Wimbledon 1985

There were three sensational under-age triumphs in Grand Slam tournaments in the Open era, all occurred in a span of seven years between 1982 and 1989. As I have recently mentioned in two Roland Garros stories, in Paris triumphed teenagers Mats Wilander and Michael Chang, in London it was Boris Becker [20]… Wilander and Chang stunned all spectators and pundits with a mix of extraordinary mental strength (for their age) and astonishing consistency from the back of the court. Becker was a different case on a different surface. The young tall West German (186 cm, grew 4 cm later on) like the Swede and the American, showed tremendous mental resistance, but in contrary to their counter-punch style, at rainy Wimbledon ’85 he demonstrated an uncompromising attacking game, based on strong serve and a unique net coverage – none player before him had been diving at the net with such an efficiency. He had a relatively lucky draw too, because didn’t face the biggest favorites during the fortnight, they were erased by his final opponent – Kevin Curren, who performed unbelievable tennis in back-to-back matches against champions of the previous four years.  Read more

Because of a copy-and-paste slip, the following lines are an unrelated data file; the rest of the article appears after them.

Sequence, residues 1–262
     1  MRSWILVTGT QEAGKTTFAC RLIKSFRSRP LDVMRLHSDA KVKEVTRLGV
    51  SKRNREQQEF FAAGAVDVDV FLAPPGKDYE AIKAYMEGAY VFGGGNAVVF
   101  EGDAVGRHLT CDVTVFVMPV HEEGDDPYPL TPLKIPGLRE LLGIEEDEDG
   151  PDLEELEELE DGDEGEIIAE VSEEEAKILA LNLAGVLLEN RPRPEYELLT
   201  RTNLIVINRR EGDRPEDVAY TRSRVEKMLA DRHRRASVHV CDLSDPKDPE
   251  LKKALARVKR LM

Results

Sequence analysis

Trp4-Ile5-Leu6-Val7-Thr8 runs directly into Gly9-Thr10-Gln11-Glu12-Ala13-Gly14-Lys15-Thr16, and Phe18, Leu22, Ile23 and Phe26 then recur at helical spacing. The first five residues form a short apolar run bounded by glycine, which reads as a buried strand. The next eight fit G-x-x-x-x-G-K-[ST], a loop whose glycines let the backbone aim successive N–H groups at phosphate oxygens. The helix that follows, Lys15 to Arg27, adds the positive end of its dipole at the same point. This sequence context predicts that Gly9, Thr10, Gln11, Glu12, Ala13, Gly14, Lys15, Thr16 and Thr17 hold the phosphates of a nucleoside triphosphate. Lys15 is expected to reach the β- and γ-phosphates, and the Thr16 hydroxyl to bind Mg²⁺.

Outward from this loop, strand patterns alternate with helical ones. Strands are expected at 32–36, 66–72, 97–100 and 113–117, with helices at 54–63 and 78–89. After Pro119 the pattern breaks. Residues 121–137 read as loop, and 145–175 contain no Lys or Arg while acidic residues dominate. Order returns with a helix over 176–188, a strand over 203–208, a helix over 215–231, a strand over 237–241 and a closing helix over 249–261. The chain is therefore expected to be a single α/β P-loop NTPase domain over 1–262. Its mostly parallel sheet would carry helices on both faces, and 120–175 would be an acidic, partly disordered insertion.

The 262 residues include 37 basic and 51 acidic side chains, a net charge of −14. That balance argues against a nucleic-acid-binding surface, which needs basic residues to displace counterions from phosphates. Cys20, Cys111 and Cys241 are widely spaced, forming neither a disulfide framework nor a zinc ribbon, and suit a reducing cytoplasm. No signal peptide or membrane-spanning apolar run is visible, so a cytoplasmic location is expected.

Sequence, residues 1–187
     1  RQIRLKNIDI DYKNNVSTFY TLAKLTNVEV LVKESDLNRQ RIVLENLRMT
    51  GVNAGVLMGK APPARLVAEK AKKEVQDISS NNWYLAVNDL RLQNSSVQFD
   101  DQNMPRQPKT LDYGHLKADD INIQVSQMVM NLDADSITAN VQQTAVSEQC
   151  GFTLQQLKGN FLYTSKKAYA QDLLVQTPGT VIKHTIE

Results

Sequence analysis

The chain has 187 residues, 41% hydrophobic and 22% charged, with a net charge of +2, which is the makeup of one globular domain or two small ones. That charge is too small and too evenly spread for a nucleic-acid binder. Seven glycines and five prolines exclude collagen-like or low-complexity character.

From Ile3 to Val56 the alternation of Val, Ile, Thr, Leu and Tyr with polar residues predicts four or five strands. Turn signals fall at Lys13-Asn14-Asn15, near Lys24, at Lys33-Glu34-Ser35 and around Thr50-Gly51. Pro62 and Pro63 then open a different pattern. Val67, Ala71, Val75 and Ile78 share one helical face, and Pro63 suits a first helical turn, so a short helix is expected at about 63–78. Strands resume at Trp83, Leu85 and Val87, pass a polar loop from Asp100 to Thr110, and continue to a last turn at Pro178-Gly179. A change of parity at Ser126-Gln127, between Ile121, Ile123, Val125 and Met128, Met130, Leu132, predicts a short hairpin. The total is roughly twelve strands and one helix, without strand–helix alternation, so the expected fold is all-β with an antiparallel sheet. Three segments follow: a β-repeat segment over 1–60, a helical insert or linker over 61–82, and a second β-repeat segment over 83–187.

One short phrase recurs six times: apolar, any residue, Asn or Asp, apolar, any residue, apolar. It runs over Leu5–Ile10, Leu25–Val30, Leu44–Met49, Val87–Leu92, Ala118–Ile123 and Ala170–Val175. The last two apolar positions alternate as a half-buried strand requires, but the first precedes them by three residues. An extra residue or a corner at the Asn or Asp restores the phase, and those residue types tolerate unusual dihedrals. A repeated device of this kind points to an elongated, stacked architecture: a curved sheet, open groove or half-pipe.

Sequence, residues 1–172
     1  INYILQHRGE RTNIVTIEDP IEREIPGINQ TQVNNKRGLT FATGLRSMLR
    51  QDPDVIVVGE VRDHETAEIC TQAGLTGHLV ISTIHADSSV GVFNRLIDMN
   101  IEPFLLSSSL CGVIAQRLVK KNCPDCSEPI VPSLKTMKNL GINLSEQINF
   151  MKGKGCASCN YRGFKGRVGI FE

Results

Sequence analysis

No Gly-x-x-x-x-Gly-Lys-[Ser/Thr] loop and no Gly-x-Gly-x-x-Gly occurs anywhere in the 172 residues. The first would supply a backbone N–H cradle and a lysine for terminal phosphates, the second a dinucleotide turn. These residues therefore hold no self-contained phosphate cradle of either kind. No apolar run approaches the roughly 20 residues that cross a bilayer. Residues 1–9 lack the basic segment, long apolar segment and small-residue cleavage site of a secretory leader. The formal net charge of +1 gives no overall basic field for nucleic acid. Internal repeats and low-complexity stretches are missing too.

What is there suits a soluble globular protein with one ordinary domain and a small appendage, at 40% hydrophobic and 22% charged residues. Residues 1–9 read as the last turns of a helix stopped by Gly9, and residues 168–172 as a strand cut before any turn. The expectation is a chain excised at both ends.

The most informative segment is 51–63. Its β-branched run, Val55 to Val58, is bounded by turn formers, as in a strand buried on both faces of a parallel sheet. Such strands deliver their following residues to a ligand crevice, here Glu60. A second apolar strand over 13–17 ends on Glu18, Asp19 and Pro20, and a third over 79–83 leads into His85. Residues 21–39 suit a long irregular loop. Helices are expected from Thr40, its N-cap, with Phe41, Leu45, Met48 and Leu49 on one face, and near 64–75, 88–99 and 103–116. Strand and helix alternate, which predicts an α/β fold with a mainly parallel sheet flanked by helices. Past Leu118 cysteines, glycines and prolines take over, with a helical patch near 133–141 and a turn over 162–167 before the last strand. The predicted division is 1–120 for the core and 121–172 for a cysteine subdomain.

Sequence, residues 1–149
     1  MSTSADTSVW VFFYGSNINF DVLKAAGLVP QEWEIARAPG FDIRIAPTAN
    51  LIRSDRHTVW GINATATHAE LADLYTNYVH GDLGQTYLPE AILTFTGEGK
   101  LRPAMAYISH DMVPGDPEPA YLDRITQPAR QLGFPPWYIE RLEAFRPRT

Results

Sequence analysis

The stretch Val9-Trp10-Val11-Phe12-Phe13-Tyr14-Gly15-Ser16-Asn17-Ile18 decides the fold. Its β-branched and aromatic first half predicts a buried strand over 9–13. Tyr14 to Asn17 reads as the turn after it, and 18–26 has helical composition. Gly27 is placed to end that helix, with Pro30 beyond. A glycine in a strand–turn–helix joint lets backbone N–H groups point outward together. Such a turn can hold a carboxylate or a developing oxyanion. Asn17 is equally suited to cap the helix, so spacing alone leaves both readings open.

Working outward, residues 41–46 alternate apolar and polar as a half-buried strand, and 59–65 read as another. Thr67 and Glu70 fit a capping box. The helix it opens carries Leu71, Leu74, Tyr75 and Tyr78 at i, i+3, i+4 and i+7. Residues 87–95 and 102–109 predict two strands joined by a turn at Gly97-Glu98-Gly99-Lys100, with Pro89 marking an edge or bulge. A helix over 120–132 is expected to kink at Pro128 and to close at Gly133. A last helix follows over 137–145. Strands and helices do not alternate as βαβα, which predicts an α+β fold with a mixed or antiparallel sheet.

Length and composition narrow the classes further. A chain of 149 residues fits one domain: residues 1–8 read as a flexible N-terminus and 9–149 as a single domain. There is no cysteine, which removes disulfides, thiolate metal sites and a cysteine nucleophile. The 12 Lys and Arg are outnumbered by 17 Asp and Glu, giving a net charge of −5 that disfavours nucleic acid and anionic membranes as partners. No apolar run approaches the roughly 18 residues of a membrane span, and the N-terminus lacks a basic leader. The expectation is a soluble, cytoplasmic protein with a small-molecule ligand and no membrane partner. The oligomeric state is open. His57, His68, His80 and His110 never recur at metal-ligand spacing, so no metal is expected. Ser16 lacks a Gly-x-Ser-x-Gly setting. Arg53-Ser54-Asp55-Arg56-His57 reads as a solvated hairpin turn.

The four youngest major champions of the Open era:
1. Michael Chang – Roland Garros 1989 – 17 years 3 months 20 days (fifth major)
2. Boris Becker – Wimbledon 1985 – 17 years 7 months 15 days (fourth major)
3. Mats Wilander – Roland Garros 1982 – 17 years 9 months 15 days (third major)
4. Bjorn Borg – Roland Garros 1974 – 18 years 10 days (fifth major)
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